“Ow,” she recoiled.  “If only you’d shown this much energy in the bedroom, I might not have had to look elsewhere.”

The remark struck him like a blow to the sternum.  “You’ve been looking elsewhere?”

Celia smirked.  “Might have.  Might not have.  Oh, don’t be such a tiresome bore, old chap.  My lift is here.  Give me the finger and let me go.  I’ve got a buyer lined up already and I’m going to be rich beyond my wildest dreams.”

Cyril reached in his blazer pocket.  His fingers closed around the golden digit, the fabled finger of the Great Cham.  It was said that one kiss of the finger would grant you your heart’s desire.

But there was always a price to pay, a terrible cost.

And now, as he looked down at his treacherous spouse, wiping a trickle of blood from her lip with the back of her hand, he realised what price he must pay.

He dropped the artifact to the carpet.  Celia seized it and laughed in triumph.  She got to her feet and gathered up her bags.  Powerless, Cyril could only watch her go.  It was as though he didn’t know her at all and never had.

“Tell me,” she turned at the door.  “You kissed it, didn’t you?  You kissed the finger.  What did you wish for?”

Cyril sighed.  His shoulders slumped.  “I wished for you to be happy, my love.”


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House Hunters

The young man pinched the bridge of his nose.  It had been a long day, during which the lesson had been reinforced: you just can’t please some people.  He tried to maintain an air of professional patience while his clients, an elderly couple, dithered and prevaricated.

“I don’t know,” said the old woman.

“I don’t know,” said the old man.  “It’s just not ticking the boxes.”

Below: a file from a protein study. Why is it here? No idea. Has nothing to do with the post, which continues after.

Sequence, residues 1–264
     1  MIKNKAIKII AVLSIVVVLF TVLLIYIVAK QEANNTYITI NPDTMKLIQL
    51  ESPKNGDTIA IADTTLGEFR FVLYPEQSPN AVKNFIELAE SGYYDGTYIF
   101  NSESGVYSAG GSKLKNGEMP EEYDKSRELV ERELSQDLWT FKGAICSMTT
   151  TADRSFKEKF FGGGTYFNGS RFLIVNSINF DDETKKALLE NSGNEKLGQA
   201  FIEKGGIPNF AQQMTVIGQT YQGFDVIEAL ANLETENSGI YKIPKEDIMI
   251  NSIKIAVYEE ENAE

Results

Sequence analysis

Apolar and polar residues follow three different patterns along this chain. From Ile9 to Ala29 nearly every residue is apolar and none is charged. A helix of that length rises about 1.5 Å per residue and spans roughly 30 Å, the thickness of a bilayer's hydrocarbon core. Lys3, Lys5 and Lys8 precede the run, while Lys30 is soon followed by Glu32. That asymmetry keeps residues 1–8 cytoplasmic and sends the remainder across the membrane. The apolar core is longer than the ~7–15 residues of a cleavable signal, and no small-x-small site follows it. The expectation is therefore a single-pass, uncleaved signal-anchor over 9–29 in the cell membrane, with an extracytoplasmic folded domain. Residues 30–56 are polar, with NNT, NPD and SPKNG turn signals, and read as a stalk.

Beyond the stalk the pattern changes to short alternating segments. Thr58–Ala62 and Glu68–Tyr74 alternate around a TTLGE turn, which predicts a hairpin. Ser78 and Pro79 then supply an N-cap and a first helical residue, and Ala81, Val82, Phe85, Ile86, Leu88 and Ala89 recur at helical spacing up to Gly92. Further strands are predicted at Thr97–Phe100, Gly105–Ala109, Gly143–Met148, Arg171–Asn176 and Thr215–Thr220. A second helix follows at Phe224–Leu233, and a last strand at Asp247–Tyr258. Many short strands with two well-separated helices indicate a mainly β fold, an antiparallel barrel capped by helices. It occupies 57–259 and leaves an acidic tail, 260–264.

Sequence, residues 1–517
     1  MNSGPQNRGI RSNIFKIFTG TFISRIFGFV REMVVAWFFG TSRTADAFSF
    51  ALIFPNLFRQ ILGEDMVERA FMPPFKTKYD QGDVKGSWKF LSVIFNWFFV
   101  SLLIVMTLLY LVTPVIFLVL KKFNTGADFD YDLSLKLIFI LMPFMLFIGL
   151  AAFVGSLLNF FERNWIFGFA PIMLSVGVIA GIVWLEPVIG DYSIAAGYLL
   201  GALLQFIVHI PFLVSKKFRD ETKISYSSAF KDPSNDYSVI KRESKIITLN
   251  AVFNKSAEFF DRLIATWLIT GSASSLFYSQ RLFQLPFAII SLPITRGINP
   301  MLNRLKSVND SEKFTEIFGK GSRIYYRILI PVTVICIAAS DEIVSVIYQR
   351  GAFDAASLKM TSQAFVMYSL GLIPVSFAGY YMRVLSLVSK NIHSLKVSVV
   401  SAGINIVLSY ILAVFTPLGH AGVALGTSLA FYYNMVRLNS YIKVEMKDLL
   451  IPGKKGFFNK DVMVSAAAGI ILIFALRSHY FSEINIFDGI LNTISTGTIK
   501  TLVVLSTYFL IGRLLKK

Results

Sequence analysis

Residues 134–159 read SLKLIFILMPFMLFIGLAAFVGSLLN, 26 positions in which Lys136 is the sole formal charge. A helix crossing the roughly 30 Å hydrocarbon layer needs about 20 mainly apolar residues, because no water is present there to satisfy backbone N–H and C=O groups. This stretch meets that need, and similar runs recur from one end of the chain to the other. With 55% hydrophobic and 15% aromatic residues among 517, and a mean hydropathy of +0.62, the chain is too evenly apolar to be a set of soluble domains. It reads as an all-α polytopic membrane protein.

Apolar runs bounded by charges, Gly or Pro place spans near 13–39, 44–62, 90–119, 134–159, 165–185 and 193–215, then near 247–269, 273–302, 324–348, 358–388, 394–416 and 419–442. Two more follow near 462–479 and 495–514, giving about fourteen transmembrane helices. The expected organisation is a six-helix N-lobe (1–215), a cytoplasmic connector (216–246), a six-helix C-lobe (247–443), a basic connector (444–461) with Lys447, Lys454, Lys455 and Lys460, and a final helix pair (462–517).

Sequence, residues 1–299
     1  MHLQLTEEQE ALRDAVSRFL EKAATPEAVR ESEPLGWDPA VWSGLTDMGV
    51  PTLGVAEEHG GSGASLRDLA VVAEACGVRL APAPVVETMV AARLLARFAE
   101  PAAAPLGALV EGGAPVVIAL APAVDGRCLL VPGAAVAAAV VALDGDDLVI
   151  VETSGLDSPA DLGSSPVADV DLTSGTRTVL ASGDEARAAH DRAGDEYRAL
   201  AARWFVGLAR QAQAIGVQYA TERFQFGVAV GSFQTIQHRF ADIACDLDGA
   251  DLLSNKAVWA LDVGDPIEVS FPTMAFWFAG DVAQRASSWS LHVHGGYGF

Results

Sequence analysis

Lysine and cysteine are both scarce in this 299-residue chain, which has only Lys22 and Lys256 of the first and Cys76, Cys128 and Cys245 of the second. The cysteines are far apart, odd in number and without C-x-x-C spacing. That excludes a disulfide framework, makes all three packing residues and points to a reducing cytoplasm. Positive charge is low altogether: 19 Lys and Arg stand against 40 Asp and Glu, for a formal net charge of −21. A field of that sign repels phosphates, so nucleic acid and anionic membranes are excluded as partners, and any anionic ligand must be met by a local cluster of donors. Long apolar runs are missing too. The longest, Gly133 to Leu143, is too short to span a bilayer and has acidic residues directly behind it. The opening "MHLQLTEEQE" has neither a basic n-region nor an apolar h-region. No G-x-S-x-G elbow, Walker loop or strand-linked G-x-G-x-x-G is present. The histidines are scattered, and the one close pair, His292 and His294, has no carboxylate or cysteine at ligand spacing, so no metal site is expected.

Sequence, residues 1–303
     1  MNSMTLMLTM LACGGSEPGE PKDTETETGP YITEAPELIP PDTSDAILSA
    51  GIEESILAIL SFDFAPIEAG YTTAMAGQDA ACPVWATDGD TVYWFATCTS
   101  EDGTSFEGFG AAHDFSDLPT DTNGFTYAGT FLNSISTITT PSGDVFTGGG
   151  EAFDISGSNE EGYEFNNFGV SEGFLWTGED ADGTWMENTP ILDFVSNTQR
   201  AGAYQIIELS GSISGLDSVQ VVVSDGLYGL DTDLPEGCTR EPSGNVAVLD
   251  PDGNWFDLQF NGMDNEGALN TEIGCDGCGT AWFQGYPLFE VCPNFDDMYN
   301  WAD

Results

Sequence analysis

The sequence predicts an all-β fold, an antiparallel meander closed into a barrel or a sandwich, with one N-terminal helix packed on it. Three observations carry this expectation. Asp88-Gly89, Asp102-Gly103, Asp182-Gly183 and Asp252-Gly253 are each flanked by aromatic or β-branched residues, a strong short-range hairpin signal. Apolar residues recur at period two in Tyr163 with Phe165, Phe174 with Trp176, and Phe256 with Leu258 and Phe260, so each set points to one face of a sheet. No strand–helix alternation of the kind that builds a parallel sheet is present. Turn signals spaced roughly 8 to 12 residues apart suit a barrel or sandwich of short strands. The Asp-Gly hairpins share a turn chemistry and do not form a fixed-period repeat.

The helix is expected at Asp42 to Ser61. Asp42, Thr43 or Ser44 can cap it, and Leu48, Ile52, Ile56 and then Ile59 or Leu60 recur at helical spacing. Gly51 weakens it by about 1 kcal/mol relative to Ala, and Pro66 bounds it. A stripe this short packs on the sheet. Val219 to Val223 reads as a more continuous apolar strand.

“No,” said the old woman.

“No,” said the old man.  “The last place you showed us was better.”

“Yes,” said the old woman.

“Yes,” said the old man.  “That place ticked a few boxes.”

The young man couldn’t believe what he was hearing.  “The lighthouse?” he gasped.  “The decommissioned lighthouse?  You hated it.  You said it was too remote.”

“It was,” said the old woman.

“It was,” said the old man.  “And we’d never get any peace.  All those waves crashing about on the rocks.”

“Ooh, no,” said the old woman.

“Ooh, no,” said the old man.

“Let me get this straight,” wailed the young man.  “You’re saying this eighteenth century coach house is worse than the decommissioned lighthouse – and you hated the lighthouse.”

“Yes,” said the old woman.

“Yes,” said the old man.

“So,” the young man could feel one of his headaches coming on, “Let’s review.  You don’t like this place, you didn’t like the lighthouse.  What about the first place I showed you?”

“Which one was that?” said the old woman.

“Which one was that?” said the old man.  “Oh, yes.  The barn conversion.”

“Ooh, no,” said the old woman.

“Ooh, no,” said the old man.  “It didn’t have the wow factor.”

Give me strength, groaned the young man.

“I think it’s your best bet.  Not too noisy, not too quiet.  You’ll get on with the other tenants.”

“Ooh, no!” cried the old woman.

“Ooh, no!” cried the old man.  “We can’t be doing with that.  We can’t be doing with sharing.”

Despite his best efforts, the young man was wilting visibly.  The old man nodded to his wife and drew the young man aside.

“Listen, sonny.  Me and the Mrs have been together all our lives.  Since primary school – before that, even.  And we’ve never spent any time apart.  It’s always been just me and her, her and me, and that’s the way it’s going to be forever and ever, amen.  They want to split us up, put her in a home.  Well, I’m not standing for that.  Oh, no!  But if you’re not up to the job, if you can’t provide the service we’re paying you for – well, we won’t waste any more of your time.”